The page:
View source

In the office, cybersecurity is everyone’s responsibility. By reminding your employees of these simple online safety best practices, your organization can avoid becoming the next victim of a cyber-attack. Check out the tips below to discover how to keep your workplace safe online, to improve your organization’s cybersecurity defense and minimize risk.

  1. Lock it up

Modern workplaces are often split between multiple locations and may involve remote employees. No matter where your office is located for the day, devices should be carefully secured. Make sure employees know to always keep portable devices such as laptops and cell phones locked with a secure passcode. There are many ways to create secure passcodes. Some devices have biometric scanners, while others use a PIN or matrix passcode for authentication. If you are using a text password, make sure it is unique for each account.

  1. Two is better than one

For critical applications and accounts, employees should be required to use two-factor authentication. A good way to remember how it works is that it’s a combination of any two of the following:

  • Something you have (such as a randomly-generated code or ID badge)
  • Something you are (such as a fingerprint)
  • Something you know (such as a password)

Two-factor authentication is an important layer of defense beyond the typical password. It decreases your risk of falling victim to a compromise because criminals need access to not only your account password, but your additional security method as well to access the account. Be sure it’s required for employees accessing sensitive networks or data.

  1. VPN for the win

When conducting work business outside of the office network, ensure your safety by never using Wi-Fi without using a VPN (Virtualized Personal Network). A VPN acts as a secure tunnel over the internet, encrypting traffic. By implementing a VPN to your office’s secure network, employees can travel while relying on the defense controls at HQ. Requiring employees to VPN into a secure network is essential; using public wi-fi networks can expose your organization’s accounts and data to malicious actors or compromised infrastructure.

  1. Stay on guard

From the founder to the new intern, everyone at your organization needs to remember: if something looks suspicious, chances are it is! Malicious actors will leverage urgent subject lines, billing-related attachments, and spoofed senders to entice the recipient to take action. Share these email and web browser tips: Never open or download attachments from unknown senders and always hover over a link before clicking to ensure you’re being directed to the intended URL. Implementing these security best practices can help prevent the spread of malspam and ransomware.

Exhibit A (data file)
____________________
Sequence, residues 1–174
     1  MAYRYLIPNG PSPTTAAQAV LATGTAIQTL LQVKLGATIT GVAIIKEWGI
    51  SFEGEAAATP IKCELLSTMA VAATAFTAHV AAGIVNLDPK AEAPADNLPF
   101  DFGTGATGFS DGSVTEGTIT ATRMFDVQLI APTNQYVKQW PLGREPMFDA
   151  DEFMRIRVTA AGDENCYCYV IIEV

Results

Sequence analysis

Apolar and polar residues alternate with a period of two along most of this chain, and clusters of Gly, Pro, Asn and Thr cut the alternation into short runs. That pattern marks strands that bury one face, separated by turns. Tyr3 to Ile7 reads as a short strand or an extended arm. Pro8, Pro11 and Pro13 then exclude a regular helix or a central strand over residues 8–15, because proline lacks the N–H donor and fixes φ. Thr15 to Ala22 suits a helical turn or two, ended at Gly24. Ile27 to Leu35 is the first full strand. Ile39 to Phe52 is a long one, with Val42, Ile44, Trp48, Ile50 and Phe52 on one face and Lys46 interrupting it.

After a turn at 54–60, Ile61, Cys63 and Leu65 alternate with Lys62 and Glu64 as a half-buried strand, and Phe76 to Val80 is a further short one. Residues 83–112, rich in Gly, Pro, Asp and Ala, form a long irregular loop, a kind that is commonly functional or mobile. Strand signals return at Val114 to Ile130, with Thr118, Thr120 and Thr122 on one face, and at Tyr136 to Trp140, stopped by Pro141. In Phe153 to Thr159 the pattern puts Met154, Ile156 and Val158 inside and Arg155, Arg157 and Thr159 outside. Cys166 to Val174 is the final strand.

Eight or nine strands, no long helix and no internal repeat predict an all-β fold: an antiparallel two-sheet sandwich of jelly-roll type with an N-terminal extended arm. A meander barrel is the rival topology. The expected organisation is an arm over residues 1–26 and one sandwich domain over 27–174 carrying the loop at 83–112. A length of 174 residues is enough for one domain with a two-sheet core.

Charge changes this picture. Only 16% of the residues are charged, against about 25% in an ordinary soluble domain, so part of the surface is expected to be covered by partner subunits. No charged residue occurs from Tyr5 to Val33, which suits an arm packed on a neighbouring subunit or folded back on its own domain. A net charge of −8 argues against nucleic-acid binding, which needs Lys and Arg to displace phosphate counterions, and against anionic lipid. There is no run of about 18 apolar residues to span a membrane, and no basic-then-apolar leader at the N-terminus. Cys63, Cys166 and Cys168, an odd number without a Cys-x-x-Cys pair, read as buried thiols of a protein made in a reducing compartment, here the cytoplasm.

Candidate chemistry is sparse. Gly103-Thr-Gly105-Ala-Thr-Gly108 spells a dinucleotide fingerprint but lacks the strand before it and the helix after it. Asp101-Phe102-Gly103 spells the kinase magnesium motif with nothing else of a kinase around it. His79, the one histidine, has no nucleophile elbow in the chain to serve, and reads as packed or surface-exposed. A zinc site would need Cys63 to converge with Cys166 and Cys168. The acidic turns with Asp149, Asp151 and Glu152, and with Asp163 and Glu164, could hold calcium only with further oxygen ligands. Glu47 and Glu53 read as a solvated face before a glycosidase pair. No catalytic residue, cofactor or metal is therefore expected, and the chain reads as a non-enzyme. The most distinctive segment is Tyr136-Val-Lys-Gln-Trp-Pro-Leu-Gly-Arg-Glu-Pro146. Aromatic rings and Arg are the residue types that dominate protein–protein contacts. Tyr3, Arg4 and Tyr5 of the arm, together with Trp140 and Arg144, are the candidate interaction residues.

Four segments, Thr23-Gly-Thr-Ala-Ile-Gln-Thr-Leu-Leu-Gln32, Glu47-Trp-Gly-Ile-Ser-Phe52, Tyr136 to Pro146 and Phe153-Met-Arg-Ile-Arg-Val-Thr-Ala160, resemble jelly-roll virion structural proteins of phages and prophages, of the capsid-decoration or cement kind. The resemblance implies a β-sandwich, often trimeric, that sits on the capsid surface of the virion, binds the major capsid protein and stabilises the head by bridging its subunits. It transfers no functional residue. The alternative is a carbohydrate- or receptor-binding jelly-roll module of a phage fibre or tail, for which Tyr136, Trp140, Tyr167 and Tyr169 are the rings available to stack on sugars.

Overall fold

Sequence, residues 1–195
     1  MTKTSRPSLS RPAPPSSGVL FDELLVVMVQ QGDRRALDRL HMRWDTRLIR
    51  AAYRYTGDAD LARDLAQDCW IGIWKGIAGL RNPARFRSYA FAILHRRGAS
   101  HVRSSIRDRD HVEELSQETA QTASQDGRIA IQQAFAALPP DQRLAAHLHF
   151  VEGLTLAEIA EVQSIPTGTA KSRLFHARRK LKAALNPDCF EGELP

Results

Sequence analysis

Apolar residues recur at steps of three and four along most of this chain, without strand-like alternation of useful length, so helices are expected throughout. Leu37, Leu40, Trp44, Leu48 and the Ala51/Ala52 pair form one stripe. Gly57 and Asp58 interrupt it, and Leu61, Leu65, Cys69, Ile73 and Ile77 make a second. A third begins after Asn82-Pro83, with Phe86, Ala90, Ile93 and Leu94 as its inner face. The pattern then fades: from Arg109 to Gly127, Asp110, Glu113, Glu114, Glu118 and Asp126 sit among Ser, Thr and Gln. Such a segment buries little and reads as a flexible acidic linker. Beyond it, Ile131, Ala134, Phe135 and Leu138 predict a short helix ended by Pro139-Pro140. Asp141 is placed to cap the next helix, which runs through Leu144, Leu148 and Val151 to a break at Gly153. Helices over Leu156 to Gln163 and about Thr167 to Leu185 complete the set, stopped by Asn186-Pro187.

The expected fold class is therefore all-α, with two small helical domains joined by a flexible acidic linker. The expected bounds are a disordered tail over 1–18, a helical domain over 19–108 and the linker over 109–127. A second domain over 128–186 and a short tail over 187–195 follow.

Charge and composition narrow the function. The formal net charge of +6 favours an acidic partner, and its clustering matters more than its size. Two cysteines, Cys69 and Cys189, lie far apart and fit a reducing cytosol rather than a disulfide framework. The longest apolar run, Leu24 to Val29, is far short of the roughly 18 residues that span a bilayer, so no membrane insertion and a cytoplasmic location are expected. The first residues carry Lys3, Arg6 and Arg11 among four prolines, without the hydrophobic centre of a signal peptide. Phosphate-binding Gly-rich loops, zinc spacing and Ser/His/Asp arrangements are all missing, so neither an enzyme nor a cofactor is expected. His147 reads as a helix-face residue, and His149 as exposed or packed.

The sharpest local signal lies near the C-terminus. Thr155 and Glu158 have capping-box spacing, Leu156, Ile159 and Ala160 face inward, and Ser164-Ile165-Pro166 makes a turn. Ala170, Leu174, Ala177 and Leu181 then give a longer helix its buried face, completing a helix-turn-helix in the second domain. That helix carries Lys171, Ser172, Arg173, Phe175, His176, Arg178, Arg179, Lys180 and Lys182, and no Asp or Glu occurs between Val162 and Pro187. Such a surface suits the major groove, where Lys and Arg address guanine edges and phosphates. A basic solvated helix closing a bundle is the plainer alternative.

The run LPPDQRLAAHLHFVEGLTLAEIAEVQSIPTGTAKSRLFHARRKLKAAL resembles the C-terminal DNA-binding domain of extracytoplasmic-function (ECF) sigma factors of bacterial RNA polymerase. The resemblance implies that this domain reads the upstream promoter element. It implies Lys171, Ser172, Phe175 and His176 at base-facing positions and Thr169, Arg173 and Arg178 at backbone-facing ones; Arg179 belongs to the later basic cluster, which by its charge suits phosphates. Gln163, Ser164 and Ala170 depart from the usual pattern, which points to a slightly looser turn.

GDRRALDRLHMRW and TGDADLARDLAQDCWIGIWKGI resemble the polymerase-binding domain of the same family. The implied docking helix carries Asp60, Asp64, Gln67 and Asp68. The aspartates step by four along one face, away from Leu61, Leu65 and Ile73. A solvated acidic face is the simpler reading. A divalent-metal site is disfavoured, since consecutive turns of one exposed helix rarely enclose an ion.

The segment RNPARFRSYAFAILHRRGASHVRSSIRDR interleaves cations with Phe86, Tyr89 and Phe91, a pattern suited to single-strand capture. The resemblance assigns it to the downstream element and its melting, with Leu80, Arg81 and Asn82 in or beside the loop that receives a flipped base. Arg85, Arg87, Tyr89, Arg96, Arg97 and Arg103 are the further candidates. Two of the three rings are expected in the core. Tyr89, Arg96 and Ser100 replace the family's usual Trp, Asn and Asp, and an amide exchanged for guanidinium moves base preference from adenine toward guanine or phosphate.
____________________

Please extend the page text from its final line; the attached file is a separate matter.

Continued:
1. Training is key

Your organization’s cyber defenses depend on an educated workforce that can apply best practices to avoid threats. From recognizing a suspicious email to knowing when to connect via VPNs, you’ll want to ensure your employees understand cybersecurity essentials. SANS is the leading cybersecurity training institute for professionals offering courses on multiple topics. Their security awareness training programs help train employees on topics like phishing, two-factor authentication, and more.

  1. Take inventory

You can’t defend what you don’t know you have. Be sure to set up processes that actively track all hardware and software assets within your organization. Utilizing tools like an active discovery tool or software inventory tool will be able to easily identify connected devices to your network and help automate the documentation of all software on business systems.

In fact, taking an inventory of devices and software are the first two recommendations of the CIS Controls. This puts them at top priority for cybersecurity actions you can take. The CIS Controls are a prioritized set of cyber defense actions for organizations to improve their cybersecurity. They include steps everyone can take to harden systems and prevent an attack.

A Deeper Look: Security controls for home and work.

The CIS Controls team has also released a guide that walks through security best practices for teleworking, small business, and home office environments. The CIS Controls Telework and Small Office Network Security Guide provide recommendations for hardening your devices to protect workplace data when working from home or remotely. As we work to protect our homes from cyber threats, we can also protect the workplace. Effective cybersecurity controls are the place to start.